Sarah Tulk is an Ontario physician who recently finished her residency training in family medicine at McMaster University
“If only he had chosen a higher floor, we wouldn’t have had to come here!”
These were the words that came out of my preceptor’s mouth. I was a wide-eyed medical student, shadowing in orthopedic surgery. The patient was an older man who had sustained multiple fractures after attempting to end his life by jumping from an apartment building balcony. The trauma ward was full, so he was, inconveniently, located on a distant ward which meant his poor choice of departure level was now encroaching on our operating room time. In medical school, I learned that mental illness was shameful before I learned how to use a stethoscope. ...continue reading →
Ronald Leung is a medical student in the Class of 2018 at McMaster University
“I think I’m dying,” one of my patients says to me one day. We stop, halting in the middle of the hallway of the inpatient acute psychiatry unit that leads toward the interview rooms in the back. She takes in my expression of concern and waves it away. “Not like that,” she laughs, launching into a monologue on the philosophical fragility of human existence. She is articulate beyond her years, just entering the second decade of her life.
She also reminds me of Jude. Despite the disparities in their age and appearance—she is a petite millennial with a distinct sense of style in contrast to middle-aged Jude with his crisp oxford shirts—the same strings seem to reverberate when they speak. ...continue reading →
This week CMAJ published a research study looking at how peer victimization in early childhood is related to mental health problems and suicidality in adolescence. Peer victimization is a broad term that encompasses bullying. The study was published with a linked podcast that I wish I had been able to listen to a few months ago when I was trying to work out how to deal with a situation in which my younger son was being victimized. ...continue reading →
Earlier this year I took my 13 year old son out to lunch to talk about mental health. It just happened that Son #2 and my husband were out for the day and I had a rare opportunity to be alone with Son #1. I didn’t say ‘I’m going to take you out to lunch so that we can talk about mental health.’ I just reckoned that the odds of him listening to me would be higher if a) we were somewhere removed from the all-consuming ‘call of the PS4’, and b) there was a favorite food to both fill his mouth and free his hands from electronic device. So out to eat we went.
I had no idea how to have the conversation I wanted to have. I can tell you that figuring out how to talk him through the gaps left by school sex ed was easy by comparison.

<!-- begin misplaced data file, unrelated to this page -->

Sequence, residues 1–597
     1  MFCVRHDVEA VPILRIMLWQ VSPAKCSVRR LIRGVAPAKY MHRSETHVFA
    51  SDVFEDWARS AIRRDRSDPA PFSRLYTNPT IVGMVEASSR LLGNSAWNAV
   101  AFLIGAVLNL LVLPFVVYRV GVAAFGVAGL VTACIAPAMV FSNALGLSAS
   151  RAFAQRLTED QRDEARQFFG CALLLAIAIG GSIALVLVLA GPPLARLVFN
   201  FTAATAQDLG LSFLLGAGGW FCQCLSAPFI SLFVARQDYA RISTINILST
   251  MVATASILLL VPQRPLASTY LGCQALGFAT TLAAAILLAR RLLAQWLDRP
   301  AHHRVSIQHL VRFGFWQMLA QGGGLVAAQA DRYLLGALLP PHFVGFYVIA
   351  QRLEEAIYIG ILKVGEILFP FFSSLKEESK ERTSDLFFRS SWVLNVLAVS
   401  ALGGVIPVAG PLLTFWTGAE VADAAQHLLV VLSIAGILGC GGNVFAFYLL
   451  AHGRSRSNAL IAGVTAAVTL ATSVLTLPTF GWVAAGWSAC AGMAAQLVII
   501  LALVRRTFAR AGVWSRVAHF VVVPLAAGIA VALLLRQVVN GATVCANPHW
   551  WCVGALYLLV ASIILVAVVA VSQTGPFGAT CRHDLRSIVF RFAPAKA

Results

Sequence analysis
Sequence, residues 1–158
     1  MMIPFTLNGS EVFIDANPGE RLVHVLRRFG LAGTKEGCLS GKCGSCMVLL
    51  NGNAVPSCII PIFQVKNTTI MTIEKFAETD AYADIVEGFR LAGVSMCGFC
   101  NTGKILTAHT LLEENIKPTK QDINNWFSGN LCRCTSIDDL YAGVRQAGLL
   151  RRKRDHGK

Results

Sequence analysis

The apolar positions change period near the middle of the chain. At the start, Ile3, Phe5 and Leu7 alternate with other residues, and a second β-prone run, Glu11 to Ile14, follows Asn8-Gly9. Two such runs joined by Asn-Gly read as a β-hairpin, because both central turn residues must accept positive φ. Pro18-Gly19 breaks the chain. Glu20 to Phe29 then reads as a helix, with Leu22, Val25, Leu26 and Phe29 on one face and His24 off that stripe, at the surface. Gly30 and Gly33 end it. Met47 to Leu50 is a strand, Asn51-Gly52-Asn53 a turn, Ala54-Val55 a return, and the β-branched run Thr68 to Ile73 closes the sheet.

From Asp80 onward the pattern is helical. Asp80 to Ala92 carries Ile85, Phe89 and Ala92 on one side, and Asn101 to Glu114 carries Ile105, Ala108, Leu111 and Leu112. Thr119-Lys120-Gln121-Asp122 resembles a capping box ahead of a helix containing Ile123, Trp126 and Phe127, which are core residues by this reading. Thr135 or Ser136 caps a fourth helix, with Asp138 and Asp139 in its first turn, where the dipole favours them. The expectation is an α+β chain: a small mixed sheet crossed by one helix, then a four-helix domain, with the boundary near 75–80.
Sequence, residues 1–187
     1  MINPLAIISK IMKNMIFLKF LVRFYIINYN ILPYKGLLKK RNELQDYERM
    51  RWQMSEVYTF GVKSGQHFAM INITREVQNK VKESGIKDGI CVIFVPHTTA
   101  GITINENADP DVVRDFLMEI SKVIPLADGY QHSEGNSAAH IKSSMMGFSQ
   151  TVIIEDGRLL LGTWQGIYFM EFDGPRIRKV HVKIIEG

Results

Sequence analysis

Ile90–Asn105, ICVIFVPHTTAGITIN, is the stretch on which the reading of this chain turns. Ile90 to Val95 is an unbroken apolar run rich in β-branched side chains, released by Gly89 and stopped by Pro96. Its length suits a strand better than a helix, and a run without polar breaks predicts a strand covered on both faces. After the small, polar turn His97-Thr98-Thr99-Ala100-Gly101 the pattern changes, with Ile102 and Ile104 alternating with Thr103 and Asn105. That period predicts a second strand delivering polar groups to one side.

Sophie Soklaridis is an Independent Scientist and the Interim Director of Research in Education at The Centre for Addiction and Mental Health (CAMH) in Toronto, Canada
Almost 23 years ago, I wrote a Master’s thesis that emerged from my experience with breastfeeding my son. After writing the cathartic 260-page thesis, I thought I was done with thinking about breastfeeding. Then I read about a woman with postpartum depression who died by suicide, with one of the main explanations she wrote in a note being that she was unable to exclusively breastfeed her baby. I also read Chaput and colleagues’ enlightening article in CMAJ Open on the link between breastfeeding difficulties and postpartum depression. When I recently started talking to new and expecting mothers, I realized that very little seems to have changed in the discourse around breastfeeding and the experience of being a “good” mother since I went through that lonely and painful time in my life. ...continue reading →
Barbara Sibbald, News and Humanities editor for the Canadian Medical Association Journal, reads the CMAJ Humanities Encounters article "Words, deeds and interpretations". The article is written by Dr. Mary Seeman, professor emerita, in the Department of Psychiatry at the University of Toronto.
In the article, Dr. Seeman, an older psychiatrist, recounts how acting instead of talking can net rather dire results. The events are true but happened decades ago.
“Medical professionals concentrate on repair of health, not sustenance of the soul”.
Atul Gawande’s recently published book, Being Mortal, discusses the treatment of our elderly population and the various flaws of our health care system. One important point from the book is that health care providers such as physicians and nurses are too focused on physical well-being while forgetting about the less tangible necessities of life.
When an elderly individual is sent to a nursing home, safety is the highest priority. Residents are provided with call bells, ramps, elevators, nurses, and physicians who come directly to their rooms. This seems beneficial, as physical health is maintained. With 24 hour nursing surveillance and living in single rooms, residents are less prone to injuring themselves. It is a situation that seems optimal for both the caregivers and seniors. Why, then, is the rate of depression and sadness so high among the elderly population in nursing homes?
Stuart Kinmond reads the CMAJ Humanities Encounters article "Cutting through the shame". The article is written by Stephen P. Lewis, associate professor in psychology at the University of Guelph in Guelph, Ontario. In the article, the author reflects on a period of self-injury and what he learned from it.